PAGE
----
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Ch. 08: John Philip Sousa – The March King


Three individuals from the 19th century stand out in their contributions to American popular music. Stephen Foster, the “Father of American Popular Music,” saved popular song from sentimentalism and gave it a new standard of melodic and lyrical quality. Scott Joplin, “Father of Ragtime,” took the raw syncopation of black bar and brothel music and gave it refinement and structure.

John Philip Sousa – “The March King”

The third individual, John Philip Sousa, certainly provided unique contributions to the musical literature of America, but perhaps more importantly, his role in the early years of the recording industry and his part in the revision of copyright law in America changed the landscape of music going into the 20th century.

Each of these individuals made their contribution as consolidators of a musical style. Foster and Joplin took parlor and ragtime songs, respectively, and elevated them from being sappy and unrefined to being elegant and sophisticated. Sousa’s role as “march king” was not as the inventor of a new musical form, but as the composer of the greatest marches in music history.

The march is a musical form which evolved from the music of military bands in the early 19th century. As far back as the revolutionary war, fife and drum bands had been providing musical entertainment and esprit de corps for the soldiers both on and off the battle field. In times of peace, military bands (comprised of winds, brass, and percussion) provided music for visiting dignitaries and official ceremonial events. Music for outdoor community concerts and indoor dances were also part of the function of a regional military band.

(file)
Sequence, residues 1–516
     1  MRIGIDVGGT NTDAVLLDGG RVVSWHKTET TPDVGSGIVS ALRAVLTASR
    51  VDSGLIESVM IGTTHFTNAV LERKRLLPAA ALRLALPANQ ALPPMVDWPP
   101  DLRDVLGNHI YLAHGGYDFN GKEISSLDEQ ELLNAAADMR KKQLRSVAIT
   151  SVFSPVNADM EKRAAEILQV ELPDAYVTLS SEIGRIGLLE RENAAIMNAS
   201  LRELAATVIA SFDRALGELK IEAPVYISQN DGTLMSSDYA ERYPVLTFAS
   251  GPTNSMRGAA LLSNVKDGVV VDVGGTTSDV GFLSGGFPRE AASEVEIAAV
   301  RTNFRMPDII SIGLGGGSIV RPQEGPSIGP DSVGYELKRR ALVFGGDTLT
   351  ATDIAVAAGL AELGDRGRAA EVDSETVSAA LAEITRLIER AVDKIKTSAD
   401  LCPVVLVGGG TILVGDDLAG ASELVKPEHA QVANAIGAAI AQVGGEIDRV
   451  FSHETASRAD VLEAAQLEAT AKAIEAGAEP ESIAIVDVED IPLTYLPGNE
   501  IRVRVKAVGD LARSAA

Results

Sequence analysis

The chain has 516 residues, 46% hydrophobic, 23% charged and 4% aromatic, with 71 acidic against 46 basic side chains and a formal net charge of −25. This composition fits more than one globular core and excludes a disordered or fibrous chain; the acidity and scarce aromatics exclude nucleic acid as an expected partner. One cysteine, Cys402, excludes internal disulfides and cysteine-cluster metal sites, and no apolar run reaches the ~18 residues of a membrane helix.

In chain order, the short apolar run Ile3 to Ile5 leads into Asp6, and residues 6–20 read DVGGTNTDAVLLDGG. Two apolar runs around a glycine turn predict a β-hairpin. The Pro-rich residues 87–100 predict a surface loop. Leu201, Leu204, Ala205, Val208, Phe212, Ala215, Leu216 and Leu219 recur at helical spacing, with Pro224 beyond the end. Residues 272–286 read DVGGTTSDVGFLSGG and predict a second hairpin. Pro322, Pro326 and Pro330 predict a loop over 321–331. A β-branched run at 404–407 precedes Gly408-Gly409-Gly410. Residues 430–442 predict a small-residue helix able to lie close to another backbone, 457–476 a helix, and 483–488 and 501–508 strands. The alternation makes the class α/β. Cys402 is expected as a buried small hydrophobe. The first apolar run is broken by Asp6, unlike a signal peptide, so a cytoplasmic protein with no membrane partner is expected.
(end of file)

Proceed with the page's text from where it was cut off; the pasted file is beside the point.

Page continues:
Military band during the Civil War

Following the Civil War, many of the soldiers who played in military bands and those who had an interest in playing a wind, brass or percussion instrument were able to purchase them from military surplus. When finally arriving at home from their various units, these musicians and hopefuls formed community based bands patterned after those they heard while in service. Beginning in the 1870s and 1880s hundreds of community brass and wind bands began to be active throughout the United States. Their concert music consisted of dance tunes, rudimentary marches, popular songs, arrangements of classical orchestral works and even some vocal songs. It wasn’t until the arrival of Sousa, though, that the established structure of both the concert band and the march song form was finalized.

John Philip Sousa (1854-1932) was a classically trained violinist (he played under the French composer and conductor Jacques Offenbach in Philadelphia in 1876) and later conductor of traveling musical shows. In 1880 he was hired to become band director for the U.S. Marine Band in Washington, D.C. He reorganized the band, increasing the number of wind players to provide better balance with the brass and percussion, and instituted a new level of quality and excellence that quickly established the ensemble as the finest concert band in the world. In addition to playing for presidential inaugurations and state ceremonies, Sousa secured permission to take the Marine Band on tour throughout the United States, providing thousands of Americans with the experience of hearing America’s best instrumental ensemble in concert.